‘The air is rent by a blast of the boat’s horn, and with a surge of power the Lady of the Lake pulls away from her dock and sets off into the morning mist. Mighty engines push her hundred-foot hull through the cold waters, and yet at full steam she makes a sedate fifteen miles per hour, carrying passengers, cargo, and the US mail uplake into the heart of the wilderness.
High overhead, patches of blue sky shine through gaps in the October clouds, the promise of a brighter day ahead, but for now I still shiver as I stand on the aft deck, watching the town of Chelan slip away like the last promise of civilization. Vineyards cover the dry lakeside hills in a patchwork quilt, while million-dollar summer homes and vacation resorts dot the shoreline, private docks bereft of watercraft now that summer’s last gasp is ending. The unused waterslides and absence of jet skis foretell the tale that autumn’s chill crispness promises. Winter is coming.
Midway up the lake
The miles slip by, the homes and hotels grow more sparse and more spartan, and the lakeside roads disappear up into the surrounding hills or simply come to an end. An hour into the voyage the last bar of cellular coverage drops away, and a certain calm falls over me. There will be no more email. Nobody can call or text me now.
No status updates or instant messages. Briefly I wonder if it was wise to leave so much behind, no laptop, no e-reader, phone now relegated to the role of camera, but soon such worries drop away. The mountains beckon.
Looking back downlake:
The hills crowd the narrow lake, growing more rugged, more rocky, steeper, taller, and closer as we press north by northwest into the mountains. The vineyards and ranches are long gone, thick evergreen forested slopes in their place to the southwest, while bighorn sheep roam the steep, grassy cliffs to the northeast. The south-facing slopes still show the desert dryness we are leaving behind us, while the north-facing slopes are lush with the hint of wetter climes ahead. We are far from the sea, the bulk of the Cascade range between us and salt water, yet seagulls flit about the lakeshore, and Canadian geese make a mockery of our stately progress.
Two hours in, and we are over the deepest part of the lake. Fifteen-hundred feet down the glacier-carved gorge’s bottom lies in perpetual inky blackness, where the sun’s warmth and light can never penetrate. What treasures or horrors lay there will remain unknown, perhaps forever, as the lake refuses to give up her secrets. Only two lakes in North America go deeper.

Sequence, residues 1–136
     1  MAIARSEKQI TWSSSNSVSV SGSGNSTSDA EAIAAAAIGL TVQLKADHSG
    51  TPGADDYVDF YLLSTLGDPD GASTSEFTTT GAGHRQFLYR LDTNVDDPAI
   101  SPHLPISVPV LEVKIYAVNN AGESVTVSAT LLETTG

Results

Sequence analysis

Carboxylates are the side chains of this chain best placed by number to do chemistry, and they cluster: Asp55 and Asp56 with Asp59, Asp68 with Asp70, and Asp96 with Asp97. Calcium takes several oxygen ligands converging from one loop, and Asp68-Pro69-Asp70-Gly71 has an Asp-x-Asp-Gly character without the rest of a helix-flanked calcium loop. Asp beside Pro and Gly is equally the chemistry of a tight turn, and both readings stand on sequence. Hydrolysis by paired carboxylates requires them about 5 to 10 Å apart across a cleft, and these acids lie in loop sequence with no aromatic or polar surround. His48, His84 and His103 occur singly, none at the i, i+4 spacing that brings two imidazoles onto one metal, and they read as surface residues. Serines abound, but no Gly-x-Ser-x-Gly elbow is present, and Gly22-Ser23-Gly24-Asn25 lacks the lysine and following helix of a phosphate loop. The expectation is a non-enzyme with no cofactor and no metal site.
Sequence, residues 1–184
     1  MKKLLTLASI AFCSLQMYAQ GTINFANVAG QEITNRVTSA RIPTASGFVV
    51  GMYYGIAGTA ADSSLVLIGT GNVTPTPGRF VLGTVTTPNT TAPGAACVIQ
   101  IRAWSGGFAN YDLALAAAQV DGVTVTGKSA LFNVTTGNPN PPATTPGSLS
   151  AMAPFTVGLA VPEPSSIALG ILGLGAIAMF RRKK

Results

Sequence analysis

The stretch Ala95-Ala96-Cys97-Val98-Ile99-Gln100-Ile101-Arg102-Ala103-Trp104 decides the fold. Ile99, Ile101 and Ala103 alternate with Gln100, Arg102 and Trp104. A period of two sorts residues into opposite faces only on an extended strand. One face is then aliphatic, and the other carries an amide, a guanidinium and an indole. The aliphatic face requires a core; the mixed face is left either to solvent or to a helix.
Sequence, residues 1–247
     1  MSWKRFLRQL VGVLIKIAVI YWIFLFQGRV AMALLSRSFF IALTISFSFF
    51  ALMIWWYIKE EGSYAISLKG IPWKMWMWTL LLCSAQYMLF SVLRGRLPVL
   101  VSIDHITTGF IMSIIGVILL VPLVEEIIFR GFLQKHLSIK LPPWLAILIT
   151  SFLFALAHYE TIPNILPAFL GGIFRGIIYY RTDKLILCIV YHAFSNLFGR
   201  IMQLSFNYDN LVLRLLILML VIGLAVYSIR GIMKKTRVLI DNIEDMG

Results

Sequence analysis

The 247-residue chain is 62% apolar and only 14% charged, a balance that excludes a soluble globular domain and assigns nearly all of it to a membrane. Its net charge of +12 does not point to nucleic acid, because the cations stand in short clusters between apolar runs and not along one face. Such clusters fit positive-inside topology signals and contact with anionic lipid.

Halfway to our destination the boat eases toward the northeastern shore. A small dock juts out from the steep shoreline, with a small but cozy cabin just beyond. The dock is too small for our vessel, but the captain noses us up close to its end, where an elderly couple await, the man holding a long pole with a bag on the end. On the bow, a crewmember holds an identical pole, and when we are close enough the poles are extended, the bag passing from one to the other. The crewman puts another bag onto his pole, extends it out, and thus the weekly mail is delivered almost to the door of this remote, off-the-grid home. Neither snow nor rain, nor gloom of night…
Mountain peaks reveal themselves through gaps where deep, narrow valleys wind their way down, often ending in waterfalls. Distant patches of persistent snow shine in the weak sunlight. Again, we edge our way to the shore, but this time there is no dock, no cabin, only a faint footpath winding away from what passes for a rocky beach. The captain knows his boat, however, and he knows the lake. We have a thick steel-reinforced bow, and the captain pushes us right up onto the beach. I feel the gravel and driftwood crunching beneath us, reverberating through the steel deck.
The same crewman as before lowers a gangplank over the bow, and half a dozen backpackers, heavy packs on their backs, carefully walk across and leave us. Most of them will be walking for several days in the wilderness, their destination the same as ours, though we will be there in just over an hour. The last three to cross, however, carry an ice chest between them, and fishing rods. My travel companions and I wonder aloud if they really intend to backpack with a cooler full of beer (for such it is), but no, it is quite obvious they will be camping on shore, fishing and drinking until the boat returns to retrieve them in a few days time.
Full reverse thrust, and with a last crunch of gravel we are off, afloat once more, our bow pointed north to our destination. We round the final bend and we can see it, Stehekin, the way through of ancient Salish lore, where the fifty-mile-long lake becomes a narrow valley between steep-sided mountains. It is a three-day walk from here to Cascade Pass, from whence one can look west toward the more populous lowlands of north Puget Sound.
We pull up to a small wharf, unload our cargo and mail, and I step onto the shore. Stehekin village, population sixty-one, unreachable by any road. I breathe deeply of the mountain air, look across the lake to the thickly-forested slopes opposite, and let my eye be drawn upwards to the orange splash of larches high on the mountainside, standing out among the evergreen cedar and Douglas fir. I shoulder my pack and walk up the path, leaving the world behind.’
Shehanne, thanks for asking me. I hope the hamsters like the picture I sent you for them.
A few visitors for the hamsters to play with.